“[Music Therapy] can be the difference between withdrawal and awareness, between isolation and interaction, between chronic pain and comfort – between demoralization and dignity.” – Barbara Crowe, former president of the National Association of Music Therapy
Music Therapy Activities
Music Therapy activities can range from passive interventions like listening, or lyric analysis, to active interventions like music making, and songwriting. Of course, the therapy population plays a major role in the types of activities that will take place. For example, music therapy activities such as learning about sharing, or shapes, or colors would be appropriate in a special needs educational setting, but not-so-appropriate in a substance-abuse rehabilitation facility. Sessions are structured around client-preferred music no matter the genre, and the songs are chosen based on the goals, needs, and skill set of a given client or group.
The music is oriented toward areas like education, development of social skills, behavior modification, pain management, emotional expression, communication, and physical wellness. More intellectually and musically complex interventions, like songwriting, can be made accessible to all skill levels, and are designed to be challenging while still attainable to participants. Much of the session cannot be pre-planned because the structure and content of the session depends greatly upon the clients' reactions. If a Music Therapist has prepared a day of movement-based activities and up-beat songs for a group of elders, the plan may well change if the group members need a more reflective, or discussion-based group for whatever reason. Flexibility is an important key.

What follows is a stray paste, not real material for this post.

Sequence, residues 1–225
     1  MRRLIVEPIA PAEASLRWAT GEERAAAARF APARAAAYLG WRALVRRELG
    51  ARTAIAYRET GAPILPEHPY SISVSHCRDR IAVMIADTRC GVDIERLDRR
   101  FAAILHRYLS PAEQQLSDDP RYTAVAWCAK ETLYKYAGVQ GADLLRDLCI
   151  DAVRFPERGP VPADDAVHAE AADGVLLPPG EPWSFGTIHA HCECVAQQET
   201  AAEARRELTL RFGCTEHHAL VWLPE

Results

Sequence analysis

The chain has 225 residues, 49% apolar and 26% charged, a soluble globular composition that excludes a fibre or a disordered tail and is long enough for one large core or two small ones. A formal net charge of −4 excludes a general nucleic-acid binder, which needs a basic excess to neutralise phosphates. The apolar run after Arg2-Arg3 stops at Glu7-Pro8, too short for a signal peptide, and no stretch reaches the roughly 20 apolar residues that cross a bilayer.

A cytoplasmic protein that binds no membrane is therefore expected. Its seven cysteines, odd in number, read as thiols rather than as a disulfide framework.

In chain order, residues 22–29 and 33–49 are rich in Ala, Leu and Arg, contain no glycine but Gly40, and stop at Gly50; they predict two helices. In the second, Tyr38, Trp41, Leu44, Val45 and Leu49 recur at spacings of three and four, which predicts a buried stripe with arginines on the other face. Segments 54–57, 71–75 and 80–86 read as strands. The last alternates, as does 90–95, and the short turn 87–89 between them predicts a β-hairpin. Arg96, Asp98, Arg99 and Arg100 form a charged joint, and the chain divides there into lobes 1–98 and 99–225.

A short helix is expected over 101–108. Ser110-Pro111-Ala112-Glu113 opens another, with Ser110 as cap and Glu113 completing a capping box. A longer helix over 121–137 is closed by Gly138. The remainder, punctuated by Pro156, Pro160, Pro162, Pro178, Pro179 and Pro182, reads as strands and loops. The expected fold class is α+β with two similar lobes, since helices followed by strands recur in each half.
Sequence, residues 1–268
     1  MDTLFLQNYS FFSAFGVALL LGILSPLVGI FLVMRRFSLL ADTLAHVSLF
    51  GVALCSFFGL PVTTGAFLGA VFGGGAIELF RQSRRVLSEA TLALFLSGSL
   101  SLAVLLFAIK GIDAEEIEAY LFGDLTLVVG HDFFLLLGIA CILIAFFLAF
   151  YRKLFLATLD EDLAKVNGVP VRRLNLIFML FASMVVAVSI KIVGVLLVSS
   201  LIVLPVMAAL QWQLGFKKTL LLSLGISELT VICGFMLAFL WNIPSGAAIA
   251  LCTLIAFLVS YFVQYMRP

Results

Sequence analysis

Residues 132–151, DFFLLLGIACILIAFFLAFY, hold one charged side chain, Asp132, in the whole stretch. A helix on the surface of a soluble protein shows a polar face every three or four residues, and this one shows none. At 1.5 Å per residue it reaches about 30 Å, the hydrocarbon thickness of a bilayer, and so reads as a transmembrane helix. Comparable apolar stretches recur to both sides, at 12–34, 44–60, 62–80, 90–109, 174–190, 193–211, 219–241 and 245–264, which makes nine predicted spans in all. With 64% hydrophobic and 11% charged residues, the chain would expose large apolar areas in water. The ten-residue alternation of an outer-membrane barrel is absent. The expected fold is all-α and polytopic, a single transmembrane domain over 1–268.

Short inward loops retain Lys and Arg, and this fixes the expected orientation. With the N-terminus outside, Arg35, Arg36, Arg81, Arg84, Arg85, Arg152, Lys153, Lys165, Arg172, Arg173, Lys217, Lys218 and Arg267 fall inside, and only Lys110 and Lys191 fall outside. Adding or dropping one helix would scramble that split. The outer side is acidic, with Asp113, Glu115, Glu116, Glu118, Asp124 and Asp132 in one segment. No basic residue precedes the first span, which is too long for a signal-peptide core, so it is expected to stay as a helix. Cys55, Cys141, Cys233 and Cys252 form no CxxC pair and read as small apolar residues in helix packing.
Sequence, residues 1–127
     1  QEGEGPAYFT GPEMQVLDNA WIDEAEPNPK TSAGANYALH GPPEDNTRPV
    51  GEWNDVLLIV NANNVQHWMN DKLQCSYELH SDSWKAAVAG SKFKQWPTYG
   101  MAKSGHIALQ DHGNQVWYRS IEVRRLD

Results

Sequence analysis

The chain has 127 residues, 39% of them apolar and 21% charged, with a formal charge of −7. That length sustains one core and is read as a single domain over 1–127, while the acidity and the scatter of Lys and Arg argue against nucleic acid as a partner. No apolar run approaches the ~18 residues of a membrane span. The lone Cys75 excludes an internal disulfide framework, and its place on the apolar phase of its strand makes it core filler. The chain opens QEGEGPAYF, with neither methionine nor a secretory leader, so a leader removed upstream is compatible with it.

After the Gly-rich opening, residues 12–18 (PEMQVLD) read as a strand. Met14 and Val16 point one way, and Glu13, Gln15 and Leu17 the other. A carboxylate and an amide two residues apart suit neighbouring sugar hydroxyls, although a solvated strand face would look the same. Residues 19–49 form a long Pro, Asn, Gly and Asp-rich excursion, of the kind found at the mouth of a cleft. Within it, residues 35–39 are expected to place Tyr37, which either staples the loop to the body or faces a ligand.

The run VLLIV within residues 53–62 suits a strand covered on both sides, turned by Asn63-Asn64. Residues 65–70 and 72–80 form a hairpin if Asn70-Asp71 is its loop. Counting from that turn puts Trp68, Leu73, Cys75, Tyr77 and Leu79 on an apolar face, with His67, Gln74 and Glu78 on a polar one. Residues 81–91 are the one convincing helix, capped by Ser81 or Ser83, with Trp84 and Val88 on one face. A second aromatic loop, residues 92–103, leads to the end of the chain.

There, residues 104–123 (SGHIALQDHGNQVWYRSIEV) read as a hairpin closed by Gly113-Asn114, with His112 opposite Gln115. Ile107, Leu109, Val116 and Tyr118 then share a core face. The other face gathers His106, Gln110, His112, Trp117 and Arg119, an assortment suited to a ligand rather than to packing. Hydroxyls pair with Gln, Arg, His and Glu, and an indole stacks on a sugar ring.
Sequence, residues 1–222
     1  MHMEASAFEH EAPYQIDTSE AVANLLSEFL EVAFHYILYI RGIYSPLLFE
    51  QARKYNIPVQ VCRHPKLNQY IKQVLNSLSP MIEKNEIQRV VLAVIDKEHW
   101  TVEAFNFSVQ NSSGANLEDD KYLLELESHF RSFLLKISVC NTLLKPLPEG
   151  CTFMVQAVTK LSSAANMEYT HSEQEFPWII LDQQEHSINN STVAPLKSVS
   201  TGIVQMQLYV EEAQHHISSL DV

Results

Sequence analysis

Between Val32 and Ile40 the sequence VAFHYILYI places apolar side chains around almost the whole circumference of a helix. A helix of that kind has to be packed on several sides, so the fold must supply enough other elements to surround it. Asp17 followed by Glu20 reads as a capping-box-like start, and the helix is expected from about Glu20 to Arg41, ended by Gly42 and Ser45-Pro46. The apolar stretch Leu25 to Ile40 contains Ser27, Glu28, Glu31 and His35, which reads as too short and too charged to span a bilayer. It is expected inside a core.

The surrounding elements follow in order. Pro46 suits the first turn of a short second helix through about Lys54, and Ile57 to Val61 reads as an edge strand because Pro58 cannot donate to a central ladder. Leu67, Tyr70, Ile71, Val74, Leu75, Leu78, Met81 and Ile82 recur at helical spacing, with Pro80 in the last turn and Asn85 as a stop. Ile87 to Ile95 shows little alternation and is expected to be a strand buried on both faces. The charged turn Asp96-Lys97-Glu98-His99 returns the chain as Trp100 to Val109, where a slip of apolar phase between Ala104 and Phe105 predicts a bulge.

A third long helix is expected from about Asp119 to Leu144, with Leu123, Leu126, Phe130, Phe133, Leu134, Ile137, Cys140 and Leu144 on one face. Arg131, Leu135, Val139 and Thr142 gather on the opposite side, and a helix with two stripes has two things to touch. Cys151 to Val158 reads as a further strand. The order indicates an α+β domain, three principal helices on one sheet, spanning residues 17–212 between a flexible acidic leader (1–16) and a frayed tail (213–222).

One pillar of the profession is providing clients with success-oriented therapeutic interventions; Music Therapists design activities to highlight the client’s abilities rather than disabilities which promotes positive self-esteem and can be much more motivating. In private lesson instruction with children and adults with special needs, the Music Therapist will break down the learning to smaller, more manageable pieces than the lessons that might be used in a more typical private lesson. These types of activities provide clients with a sense of accomplishment, afford them an opportunity to work towards defined goal areas, and are a fun and enjoyable way to learn, recover, and express.